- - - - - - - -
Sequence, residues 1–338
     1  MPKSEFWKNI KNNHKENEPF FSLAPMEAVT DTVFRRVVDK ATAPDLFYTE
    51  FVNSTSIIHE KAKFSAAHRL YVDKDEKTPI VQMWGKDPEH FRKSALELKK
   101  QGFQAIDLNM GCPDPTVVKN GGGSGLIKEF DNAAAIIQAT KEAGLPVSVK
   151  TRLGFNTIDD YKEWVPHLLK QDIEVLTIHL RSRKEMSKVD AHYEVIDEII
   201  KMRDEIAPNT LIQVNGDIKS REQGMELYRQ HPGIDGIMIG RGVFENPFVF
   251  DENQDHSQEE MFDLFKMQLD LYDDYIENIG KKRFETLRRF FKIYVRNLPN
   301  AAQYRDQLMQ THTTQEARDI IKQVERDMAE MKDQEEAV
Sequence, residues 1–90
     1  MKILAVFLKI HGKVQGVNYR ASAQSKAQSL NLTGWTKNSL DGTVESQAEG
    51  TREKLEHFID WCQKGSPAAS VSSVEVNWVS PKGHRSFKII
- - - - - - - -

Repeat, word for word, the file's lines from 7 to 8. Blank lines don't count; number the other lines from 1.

   251  DENQDHSQEE MFDLFKMQLD LYDDYIENIG KKRFETLRRF FKIYVRNLPN
   301  AAQYRDQLMQ THTTQEARDI IKQVERDMAE MKDQEEAV